Bioschemas

Justin and Gos attended the BioSchemas kick-off meeting at Hinxton this week. As well as giving a short talk about InterMine (the slides are on FigShare), Justin managed to jot down a few thoughts about the event:


The aim of the Bioschemas schema is to come up with simple metadata that can be embedded in webpages (JSON-LD, RDFa, etc.) to make it easier to find data. For instance, suppose you wanted datasets that concerned the effect of a certain drug.  At the moment, if you search in Google for that drug name, you will find relevant datasets, but also possibly datasets that happen to use that drug as part of their protocol and more things besides.

But if you can embed a schema which names the subject of the dataset in a structured way (e.g. puts an ontology term URL in a dataset.subject field) then you can pull up more relevant data.

However, there is a strong concern with keeping such markup as light as possible so that people aren’t put off annotating their datasets.  Hence, a notional rule that there should only be 6 properties per class (e.g. just name, description, url, keywords, variableMeasured, creator.name for dataset).

As such, bioschemas won’t be replacing any of the existing ‘heavyweight’ schemas (DATS, DataCite’s model, OMICSdi model, our own InterMine data model), as it’s not meant to be used as an internal data model.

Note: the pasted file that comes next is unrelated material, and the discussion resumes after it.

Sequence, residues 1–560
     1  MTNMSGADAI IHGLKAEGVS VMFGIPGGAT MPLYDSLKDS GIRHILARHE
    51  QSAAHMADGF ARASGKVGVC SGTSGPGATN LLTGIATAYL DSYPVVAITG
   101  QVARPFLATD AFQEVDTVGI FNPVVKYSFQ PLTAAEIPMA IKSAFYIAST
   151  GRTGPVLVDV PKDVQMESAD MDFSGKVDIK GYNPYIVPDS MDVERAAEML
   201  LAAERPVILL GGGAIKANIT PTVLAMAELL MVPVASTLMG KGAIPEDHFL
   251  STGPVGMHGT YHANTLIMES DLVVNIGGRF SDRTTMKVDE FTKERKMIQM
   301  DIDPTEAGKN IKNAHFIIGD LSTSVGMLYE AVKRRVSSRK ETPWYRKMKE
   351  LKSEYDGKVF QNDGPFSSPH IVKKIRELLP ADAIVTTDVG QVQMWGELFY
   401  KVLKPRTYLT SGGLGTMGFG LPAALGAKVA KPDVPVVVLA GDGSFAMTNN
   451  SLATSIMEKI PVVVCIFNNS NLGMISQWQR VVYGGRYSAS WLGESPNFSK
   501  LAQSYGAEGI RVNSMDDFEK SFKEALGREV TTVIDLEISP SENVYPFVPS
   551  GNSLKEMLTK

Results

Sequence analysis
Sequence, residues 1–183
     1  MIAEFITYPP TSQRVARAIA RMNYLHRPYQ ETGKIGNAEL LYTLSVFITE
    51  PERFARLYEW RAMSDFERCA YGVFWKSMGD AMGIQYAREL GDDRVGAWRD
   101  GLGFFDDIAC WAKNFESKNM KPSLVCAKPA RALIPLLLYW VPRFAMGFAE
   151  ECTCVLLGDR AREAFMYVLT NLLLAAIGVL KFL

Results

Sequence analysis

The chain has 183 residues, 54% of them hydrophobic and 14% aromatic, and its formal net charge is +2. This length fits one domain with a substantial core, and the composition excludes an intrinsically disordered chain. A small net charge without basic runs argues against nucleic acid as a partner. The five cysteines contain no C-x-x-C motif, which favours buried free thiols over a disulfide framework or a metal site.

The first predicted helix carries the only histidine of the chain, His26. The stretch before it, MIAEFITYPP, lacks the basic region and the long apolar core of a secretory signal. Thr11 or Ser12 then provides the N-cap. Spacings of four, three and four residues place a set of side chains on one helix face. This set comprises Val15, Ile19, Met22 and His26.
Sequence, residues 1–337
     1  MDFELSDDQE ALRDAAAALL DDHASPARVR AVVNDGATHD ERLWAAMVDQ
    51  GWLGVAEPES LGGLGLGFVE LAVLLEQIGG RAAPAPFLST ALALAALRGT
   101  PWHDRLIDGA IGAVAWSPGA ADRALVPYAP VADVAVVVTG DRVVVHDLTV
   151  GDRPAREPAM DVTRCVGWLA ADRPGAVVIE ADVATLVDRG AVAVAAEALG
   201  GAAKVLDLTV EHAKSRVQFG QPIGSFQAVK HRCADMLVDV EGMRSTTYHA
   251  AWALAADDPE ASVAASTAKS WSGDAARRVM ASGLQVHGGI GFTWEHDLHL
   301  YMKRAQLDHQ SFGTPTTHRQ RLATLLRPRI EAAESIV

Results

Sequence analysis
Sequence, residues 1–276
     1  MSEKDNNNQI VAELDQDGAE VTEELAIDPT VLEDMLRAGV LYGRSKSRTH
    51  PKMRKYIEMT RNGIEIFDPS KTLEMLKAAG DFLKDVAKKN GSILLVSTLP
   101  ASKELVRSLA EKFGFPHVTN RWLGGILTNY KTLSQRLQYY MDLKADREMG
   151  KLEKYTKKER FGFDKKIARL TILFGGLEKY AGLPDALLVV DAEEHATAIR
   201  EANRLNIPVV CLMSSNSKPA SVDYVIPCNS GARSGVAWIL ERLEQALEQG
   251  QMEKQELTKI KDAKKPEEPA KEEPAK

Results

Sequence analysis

• Bioschemas is about getting properties into schema.org (as supported by Google, Bing, Yahoo, etc.).  However, schema.org is a big bag of potential metadata with few constraints (no cardinality, for instance!).  It’s up to Bioschemas to come up with constraints for our purposes, especially on generic metadata such as DataSet and DataCatalog.
  • Bioschemas is also largely about general areas at the moment (datasets, data sources, etc.) though there is some specific work on protein annotations and samples.  But not, for instance, on genes and proteins at this stage (though presumably protein annotations would need some metadata for proteins….)
  • Things are at an early stage – the next year will (hopefully) see some Bioschemas definitions.  There is still debate about exactly what it can be used for beyond search.  For instance, we (InterMine) may be able to use them to improve our data integration process if all sources start embedding common metadata in their download files as well as on webpages.
  • Bioschemas is more than schema work. The initiative covers topics such as identifiers, citation, metrics and tools too (which will be relevant to us in the future).  We can get value from these other areas too – for instance there was discussion of a standard way of providing notification that a data source (uniprot, etc.) had updated, which would be very useful to us in building mines that automatically update.  There was also talk of having metadata that specifies when a data source changes its format – another thing that would be tremendously useful for us.
  • The presentations were interesting and the group friendly.  InterMine seemed to be well received.  The group doesn’t have a many actual data consumers and integrators, so I think that we can make a valuable contribution from that perspective.